The Fall, Electric Ballroom, Camden 23 November 2010
It does good things to you, fronting the Gorillaz before filled arenas. ‘It was the glitter frieze!’ Two nights prior to tonight’s concert in Camden, The Fall played Switzerland alongside The Residents. And, as the placard-bearers outside the venue urging Don’t Fall For It would have the band reconsider, The Fall are scheduled to play a concert in Israel in 2011. Whether a direct result of this flurry of activity or not, Smith seems confident and, for at least four long moments, in complete control.
Queuing outside the venue for half an hour means missing the beginning of their set, but French/US support band Paris Suit Yourself are interesting: tall female bassist; suited drummer; toned dreadlocked male vocalist and a stick-thin guitarist/keyboardist thrown in for good measure.
For all their disparate elements (ska, heavy metal, prog) it’s original – in that here is a band really playing live - the guitarist picking rough-sounding scales on the guitar, the vocalist lifting his arms to signal the rest of the band up the ante. The way the guitarist appears to kiss the bassist after the gig. I’m interested in this band.
There are moments of calm, including a section in which the drummer plays fills which could have come from ‘Petty Thief Lout’. ‘This is our last song’ says the keyboardist, and someone shouts ‘Good!’ He looks genuinely surprised. ‘Are you kidding?’
November saw the re-release of 1984 Beggars Banquet album The Wonderful and Frightening World of ... which includes two songs named after Fall stalwarts Craig Scanlon and Steve Hanley. So it’s a reassuring sign of continuity to hear Mark write a song with the apparent title ‘Greenway,’ in questionable tribute to his current guitarist, Peter Greenway. The song in question is the highlight of the gig. Full of recited (not read) lyrics, it appears to document a visit to a hotel room where the CD player he’d arranged to be waiting for him hadn’t been delivered: ‘There’s only so much you can take!’ Think a Salfordian Highlands. Let’s hope this is caught in the studio.
After the first section of a lovely ‘Weather Report’, Mark stands aside to let the band take the limelight, before walking back, raising his hand and the song doubling its tempo, as he repeats ‘You gave me the best years of my life.’ It demonstrates an attentiveness to the pace of the gig, especially as the second part previously echoed the closing section of ‘Cowboy George’. The crowd go wild, and Mark tosses his mic into the audience, relishing the mayhem.
‘Cowboy George.’ Apparently named after an A-Team episode guest-starring Boy George, Mark has explained in interviews how this is nothing to do with George Bush. Except, in the second section tonight, he reads new lyrics off sheets of paper from a red carrier: ‘I hate his guts. It was like a musical show. It was like a musical show. A stage-craft.’
‘What About Us’. Lest I forget, this song, with its chant of ‘Shipman,’ when broadcast in session in 2004, raised hairs on the back of my neck. Among the usual lyrics, Mark explains how in Germany he could get hold of any drug he wanted, but in Britain, nothing.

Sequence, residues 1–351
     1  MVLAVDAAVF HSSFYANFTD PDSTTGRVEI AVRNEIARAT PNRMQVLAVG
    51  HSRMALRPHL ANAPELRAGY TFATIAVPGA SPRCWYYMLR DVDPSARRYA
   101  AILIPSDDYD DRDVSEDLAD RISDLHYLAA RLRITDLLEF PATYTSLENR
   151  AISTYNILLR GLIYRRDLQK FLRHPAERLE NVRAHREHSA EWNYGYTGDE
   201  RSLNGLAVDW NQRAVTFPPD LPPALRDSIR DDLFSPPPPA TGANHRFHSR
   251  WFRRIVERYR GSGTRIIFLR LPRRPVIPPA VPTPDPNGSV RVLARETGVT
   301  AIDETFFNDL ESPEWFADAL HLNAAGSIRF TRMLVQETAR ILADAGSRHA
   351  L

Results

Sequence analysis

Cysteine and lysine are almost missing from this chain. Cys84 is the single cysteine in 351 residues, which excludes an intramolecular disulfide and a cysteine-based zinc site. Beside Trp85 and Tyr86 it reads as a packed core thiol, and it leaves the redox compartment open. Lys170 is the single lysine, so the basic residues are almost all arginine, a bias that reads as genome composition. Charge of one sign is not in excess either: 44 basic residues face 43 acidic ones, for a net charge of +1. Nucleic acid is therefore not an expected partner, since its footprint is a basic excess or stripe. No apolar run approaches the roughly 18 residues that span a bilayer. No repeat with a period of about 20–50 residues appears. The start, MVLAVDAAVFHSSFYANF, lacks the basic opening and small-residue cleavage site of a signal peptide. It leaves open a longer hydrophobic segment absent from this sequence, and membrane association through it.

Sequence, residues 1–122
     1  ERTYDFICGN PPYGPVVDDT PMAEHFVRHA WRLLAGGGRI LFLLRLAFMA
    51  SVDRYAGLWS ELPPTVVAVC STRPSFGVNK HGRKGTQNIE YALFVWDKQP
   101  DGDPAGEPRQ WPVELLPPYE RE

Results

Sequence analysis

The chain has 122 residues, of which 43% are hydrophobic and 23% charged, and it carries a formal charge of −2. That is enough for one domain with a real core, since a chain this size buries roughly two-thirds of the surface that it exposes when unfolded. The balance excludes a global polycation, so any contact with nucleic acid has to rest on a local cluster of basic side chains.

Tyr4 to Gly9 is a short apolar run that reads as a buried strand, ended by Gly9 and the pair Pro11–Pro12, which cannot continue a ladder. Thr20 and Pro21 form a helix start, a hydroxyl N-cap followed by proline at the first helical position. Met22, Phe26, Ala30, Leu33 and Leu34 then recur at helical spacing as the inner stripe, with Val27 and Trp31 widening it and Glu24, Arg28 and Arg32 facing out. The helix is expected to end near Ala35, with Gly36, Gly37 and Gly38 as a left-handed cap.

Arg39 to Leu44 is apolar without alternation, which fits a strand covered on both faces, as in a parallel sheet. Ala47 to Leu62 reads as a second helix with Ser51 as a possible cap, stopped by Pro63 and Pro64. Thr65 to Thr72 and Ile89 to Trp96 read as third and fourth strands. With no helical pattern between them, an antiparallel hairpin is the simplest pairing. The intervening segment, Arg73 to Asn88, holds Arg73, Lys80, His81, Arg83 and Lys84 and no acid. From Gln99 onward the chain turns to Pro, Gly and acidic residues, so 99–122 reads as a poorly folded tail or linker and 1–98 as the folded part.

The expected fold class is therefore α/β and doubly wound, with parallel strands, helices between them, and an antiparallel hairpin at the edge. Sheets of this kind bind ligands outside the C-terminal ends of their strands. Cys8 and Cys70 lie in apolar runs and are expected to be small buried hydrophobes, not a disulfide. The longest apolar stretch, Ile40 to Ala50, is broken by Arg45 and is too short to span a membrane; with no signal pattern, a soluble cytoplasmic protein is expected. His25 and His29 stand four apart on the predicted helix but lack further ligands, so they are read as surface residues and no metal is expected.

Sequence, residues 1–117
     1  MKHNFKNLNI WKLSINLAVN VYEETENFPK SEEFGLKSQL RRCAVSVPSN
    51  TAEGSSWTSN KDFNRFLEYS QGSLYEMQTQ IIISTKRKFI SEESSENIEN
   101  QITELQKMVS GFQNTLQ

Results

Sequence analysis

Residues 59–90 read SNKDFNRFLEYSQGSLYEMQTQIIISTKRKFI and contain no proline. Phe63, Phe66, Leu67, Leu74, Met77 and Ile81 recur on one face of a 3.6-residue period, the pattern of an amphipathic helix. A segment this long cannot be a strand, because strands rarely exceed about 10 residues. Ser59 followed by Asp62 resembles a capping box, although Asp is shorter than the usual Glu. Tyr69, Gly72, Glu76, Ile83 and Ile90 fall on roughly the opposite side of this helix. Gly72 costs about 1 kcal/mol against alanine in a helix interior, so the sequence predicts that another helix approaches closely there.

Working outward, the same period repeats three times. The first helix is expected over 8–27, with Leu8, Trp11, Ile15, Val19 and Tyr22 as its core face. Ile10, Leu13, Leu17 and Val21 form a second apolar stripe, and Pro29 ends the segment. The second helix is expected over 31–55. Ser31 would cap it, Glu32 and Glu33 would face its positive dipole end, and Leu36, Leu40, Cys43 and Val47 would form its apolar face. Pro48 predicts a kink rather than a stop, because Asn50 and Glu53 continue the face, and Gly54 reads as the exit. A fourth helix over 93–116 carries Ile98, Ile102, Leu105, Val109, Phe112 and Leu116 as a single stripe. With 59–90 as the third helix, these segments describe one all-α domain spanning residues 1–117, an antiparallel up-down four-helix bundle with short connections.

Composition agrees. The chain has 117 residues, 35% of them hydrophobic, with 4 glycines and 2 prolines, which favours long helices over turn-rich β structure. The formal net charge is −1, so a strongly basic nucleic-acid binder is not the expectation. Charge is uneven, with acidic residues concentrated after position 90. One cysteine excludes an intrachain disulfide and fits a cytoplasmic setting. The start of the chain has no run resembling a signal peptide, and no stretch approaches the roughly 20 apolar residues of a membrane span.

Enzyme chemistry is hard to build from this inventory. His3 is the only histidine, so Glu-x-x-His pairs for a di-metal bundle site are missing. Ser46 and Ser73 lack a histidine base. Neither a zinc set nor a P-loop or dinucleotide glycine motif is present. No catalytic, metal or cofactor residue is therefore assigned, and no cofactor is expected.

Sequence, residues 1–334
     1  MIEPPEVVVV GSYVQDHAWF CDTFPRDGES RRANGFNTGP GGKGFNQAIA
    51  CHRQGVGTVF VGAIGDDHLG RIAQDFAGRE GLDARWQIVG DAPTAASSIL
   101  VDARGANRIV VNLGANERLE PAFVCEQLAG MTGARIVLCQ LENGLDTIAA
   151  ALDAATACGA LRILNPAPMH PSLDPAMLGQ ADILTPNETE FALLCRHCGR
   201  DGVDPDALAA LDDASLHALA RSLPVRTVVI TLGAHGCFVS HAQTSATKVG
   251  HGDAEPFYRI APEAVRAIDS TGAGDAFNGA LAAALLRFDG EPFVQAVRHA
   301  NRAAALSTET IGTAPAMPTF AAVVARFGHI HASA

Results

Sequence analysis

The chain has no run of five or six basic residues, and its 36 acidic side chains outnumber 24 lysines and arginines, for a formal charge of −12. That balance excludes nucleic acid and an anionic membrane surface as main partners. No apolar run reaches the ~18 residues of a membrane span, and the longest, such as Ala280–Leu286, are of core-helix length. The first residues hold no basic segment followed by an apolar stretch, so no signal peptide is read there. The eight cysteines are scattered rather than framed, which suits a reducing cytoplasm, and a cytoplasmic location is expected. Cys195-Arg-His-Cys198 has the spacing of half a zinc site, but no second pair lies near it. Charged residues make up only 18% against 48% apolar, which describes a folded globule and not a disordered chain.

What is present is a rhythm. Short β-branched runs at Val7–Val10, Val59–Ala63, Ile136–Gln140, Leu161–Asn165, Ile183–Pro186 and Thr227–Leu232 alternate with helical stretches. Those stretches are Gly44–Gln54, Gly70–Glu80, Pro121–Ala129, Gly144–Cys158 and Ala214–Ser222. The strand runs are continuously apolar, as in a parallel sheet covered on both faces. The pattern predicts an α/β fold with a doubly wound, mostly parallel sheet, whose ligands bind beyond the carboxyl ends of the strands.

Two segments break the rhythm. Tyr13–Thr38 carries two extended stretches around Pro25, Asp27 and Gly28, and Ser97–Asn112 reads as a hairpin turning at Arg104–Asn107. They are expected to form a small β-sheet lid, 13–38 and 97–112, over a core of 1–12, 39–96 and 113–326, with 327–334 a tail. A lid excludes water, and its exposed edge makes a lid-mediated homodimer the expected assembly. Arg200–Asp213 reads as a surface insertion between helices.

It is striking, among other things, that here is a track nobody but Smith could write. A lyric beginning ‘I am a rabbit from East Germany,’ punctuated by Elena Poulous's ‘hop hop hop’s, ambiguously referencing a modern-day demon in the public imagination: ‘there was a doctor dishing out drugs...’
Second support is V.J. artist Safi Sniper, a little over-exposed on the Fall circuit perhaps (he’s been supporting them since at least 2005.) At moments he is like a visual version of The Field – Barbara Streisand caught mid-wail, merging with a young Michael Jackson. One of his images is a sweating Elvis Presley struggling through the climax of ‘Always on My Mind’ (‘Fat Elvis!’ someone shouts, and we can envisage Michael Jackson’s demise beyond his childhood appearance in the Jackson Five.) In his eyes, sweat and weight Elvis recalls Johnny Cash. But we also see Mark Smith in there.
Except, here Smith is performing the closing song, a cover of the Big Bopper track ‘White Lightning’:
T. Men, G. Men, Revenue too
Searching for the place where he made his brew
They were looking trying to book him
but Papa kept cooking it –
Tonight, sporting shoulder length hair, M.E.S. more resembles Gene Vincent, who also played exceptional Rock and Roll to the faithful well beyond his commercial heyday. Somehow, Mark has come through the disarray of the Nineties (‘I’ve had so many problems in the last 20 years with groups’ he deadpanned to Mike Joyce in a radio interview earlier this year) through sheer self-belief perhaps, and emerged with vision completely intact.
Alongside ‘White Lightning,’ sure-fire crowd-pleasers ‘Sparta’ and ‘Strychnine’ are lapped up by the mosh-pit. Smith pleases both camps – tonight I opt for the Stewart Lee chin-scratching, watching from the balcony, though I’ve often been among the ones jumping about at the front.
‘Who took the batteries out of my cassette player?
They have no respect.
They try to drown me out.’
One more point to close. ‘Muzorewi’s Daughter,’ a track from 1982’s Dragnet is performed – a reference to the Pope’s recent visit perhaps, or the result of his recent comments on contraception, or none of these things.